October 28, 2004 - Filed Under: Lawn and Garden

By Norman Winter
MSU Horticulturist
Central Mississippi Research & Extension Center

I always like to go back to the Truck Crops Experiment Station after the Fall Flower and Garden Fest. It's kind of like going back on the football field after winning the game.

The hummingbirds seem happy now that the 6,000 visitors are gone, but they sure put on a show for them during the Fest. One plant they were really feasting on was the forsythia sage, known botanically as Salvia madrensis.

October 28, 2004 - Filed Under: Trees

MISSISSIPPI STATE -- The beauty of Mississippi's fall leaf color display helps ease the bad feelings many have about raking the acres of dead leaves that follow.

Andy Londo, forester with the Mississippi State University Extension Service, said decreased daylight and falling temperatures make deciduous tree leaves change color and shed.

"In our region, tree shed is preceded by color change," Londo said. "Leaves change color because of a change in the pigment, which is affected by the change in weather."

October 28, 2004 - Filed Under: Catfish, Animal Health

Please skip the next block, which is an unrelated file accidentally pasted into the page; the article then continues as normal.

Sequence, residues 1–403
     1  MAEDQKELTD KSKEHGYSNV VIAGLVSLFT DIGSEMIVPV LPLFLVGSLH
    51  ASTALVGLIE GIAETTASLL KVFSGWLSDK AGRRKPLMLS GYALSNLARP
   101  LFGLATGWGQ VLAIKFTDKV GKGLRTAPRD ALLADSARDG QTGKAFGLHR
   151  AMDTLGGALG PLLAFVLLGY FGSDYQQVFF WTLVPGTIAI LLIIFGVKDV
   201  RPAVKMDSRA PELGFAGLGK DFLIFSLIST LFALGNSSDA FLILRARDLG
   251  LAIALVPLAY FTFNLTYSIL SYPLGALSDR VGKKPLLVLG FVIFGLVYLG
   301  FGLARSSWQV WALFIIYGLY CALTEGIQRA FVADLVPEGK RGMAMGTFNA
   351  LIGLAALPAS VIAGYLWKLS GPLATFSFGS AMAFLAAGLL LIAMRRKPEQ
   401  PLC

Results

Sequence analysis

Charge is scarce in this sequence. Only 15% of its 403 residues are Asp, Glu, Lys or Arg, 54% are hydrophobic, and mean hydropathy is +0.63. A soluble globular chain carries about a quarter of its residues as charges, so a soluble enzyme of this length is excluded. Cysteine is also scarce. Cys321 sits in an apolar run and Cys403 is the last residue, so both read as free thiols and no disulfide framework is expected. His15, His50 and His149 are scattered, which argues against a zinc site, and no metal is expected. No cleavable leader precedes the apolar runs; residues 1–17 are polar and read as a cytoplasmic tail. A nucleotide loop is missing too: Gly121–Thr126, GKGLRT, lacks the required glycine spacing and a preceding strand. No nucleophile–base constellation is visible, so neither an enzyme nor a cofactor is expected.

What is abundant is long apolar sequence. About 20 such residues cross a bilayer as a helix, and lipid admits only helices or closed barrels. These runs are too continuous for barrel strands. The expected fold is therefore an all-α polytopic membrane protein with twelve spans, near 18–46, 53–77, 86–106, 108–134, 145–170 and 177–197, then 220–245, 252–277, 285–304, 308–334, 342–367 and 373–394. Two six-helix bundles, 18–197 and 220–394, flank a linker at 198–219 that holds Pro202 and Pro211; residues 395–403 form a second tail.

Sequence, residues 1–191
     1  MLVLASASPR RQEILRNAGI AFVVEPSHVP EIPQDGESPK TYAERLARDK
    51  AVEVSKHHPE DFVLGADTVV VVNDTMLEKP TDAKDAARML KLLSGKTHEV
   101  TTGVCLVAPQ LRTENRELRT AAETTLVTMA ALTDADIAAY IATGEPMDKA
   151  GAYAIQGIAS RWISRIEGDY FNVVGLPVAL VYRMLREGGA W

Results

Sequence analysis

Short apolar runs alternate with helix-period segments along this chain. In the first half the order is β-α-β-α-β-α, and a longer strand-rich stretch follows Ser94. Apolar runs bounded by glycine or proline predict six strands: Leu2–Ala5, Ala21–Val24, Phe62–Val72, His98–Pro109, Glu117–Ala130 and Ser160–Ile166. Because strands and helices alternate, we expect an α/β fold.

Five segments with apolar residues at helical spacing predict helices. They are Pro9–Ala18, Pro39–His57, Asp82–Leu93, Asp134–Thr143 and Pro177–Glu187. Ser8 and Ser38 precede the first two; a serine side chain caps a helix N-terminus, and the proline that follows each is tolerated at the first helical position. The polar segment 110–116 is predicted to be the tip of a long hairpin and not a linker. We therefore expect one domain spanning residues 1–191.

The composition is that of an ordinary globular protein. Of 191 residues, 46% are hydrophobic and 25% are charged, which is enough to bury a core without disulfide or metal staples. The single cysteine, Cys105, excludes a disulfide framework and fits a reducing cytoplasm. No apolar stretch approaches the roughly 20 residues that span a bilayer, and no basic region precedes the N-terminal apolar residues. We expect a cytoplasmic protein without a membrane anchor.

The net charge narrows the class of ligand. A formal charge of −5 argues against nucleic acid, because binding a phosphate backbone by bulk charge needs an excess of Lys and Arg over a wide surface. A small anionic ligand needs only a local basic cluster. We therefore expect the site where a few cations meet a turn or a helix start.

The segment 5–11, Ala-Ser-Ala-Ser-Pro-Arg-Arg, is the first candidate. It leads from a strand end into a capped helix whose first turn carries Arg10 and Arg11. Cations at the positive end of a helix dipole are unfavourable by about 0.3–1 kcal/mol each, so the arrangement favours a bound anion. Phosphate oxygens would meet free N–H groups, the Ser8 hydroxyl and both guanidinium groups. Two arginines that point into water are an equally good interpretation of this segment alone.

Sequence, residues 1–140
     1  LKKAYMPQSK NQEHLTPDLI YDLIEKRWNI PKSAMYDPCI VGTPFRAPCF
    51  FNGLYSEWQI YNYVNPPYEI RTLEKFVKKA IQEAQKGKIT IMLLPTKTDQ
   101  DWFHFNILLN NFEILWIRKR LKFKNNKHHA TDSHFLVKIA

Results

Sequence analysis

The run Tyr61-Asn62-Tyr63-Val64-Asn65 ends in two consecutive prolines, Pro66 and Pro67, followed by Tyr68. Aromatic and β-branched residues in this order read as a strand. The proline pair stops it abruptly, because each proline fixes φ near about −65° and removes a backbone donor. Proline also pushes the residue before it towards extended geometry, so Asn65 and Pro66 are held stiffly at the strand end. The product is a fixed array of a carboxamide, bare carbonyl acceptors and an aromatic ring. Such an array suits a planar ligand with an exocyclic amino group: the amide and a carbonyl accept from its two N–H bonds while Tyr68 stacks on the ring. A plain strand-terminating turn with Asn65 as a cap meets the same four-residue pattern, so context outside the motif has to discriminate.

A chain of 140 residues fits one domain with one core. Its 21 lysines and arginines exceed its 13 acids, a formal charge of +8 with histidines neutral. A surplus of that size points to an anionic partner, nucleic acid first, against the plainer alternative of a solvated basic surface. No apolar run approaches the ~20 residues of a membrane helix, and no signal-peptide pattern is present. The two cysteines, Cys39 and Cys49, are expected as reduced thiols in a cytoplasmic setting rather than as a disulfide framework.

MISSISSIPPI STATE -- A current Mississippi State University research project has the potential to eliminate a devastating disease in channel catfish, one of the state's most economically significant agricultural products.

October 25, 2004 - Filed Under: Agriculture, Community

R. Rodney Foil of Starkville is among the first inductees into a newly created U.S. Department of Agriculture hall of fame.

The Cooperative State Research, Education and Extension Service at USDA recognized 10 individuals from across the nation for their support for research, education and extension in advancing knowledge for agriculture, the environment, human health and well-being, and communities. The CSREES Hall of Fame was created this year to recognize the agency's 10th anniversary.

October 22, 2004 - Filed Under: Nuts

MISSISSIPPI STATE -- Mississippi's pecan growers were expecting a light crop in 2004, but zero is significantly worse than some were anticipating.

David Ingram, Extension plant pathologist and research professor with the Central Research and Extension Center in Raymond, said pecans are an alternate-bearing crop, meaning good years are typically followed by smaller crops the next.

October 21, 2004 - Filed Under: Corn, Beef

MISSISSIPPI STATE -- Farmers have traditionally worked hard to keep cows out of their corn, but Dr. Steve Redding is glad to see part of his herd grazing in corn.

Redding is a full-time veterinarian and a part-time cattleman in Lafayette County. For the past two years, he has devoted seven acres of his pasture to corn planted with just minimum tillage. He grazes heifers on the standing corn from late summer through early fall. The results, he said, have been good and he plans to put more of his herd on corn grazing next year.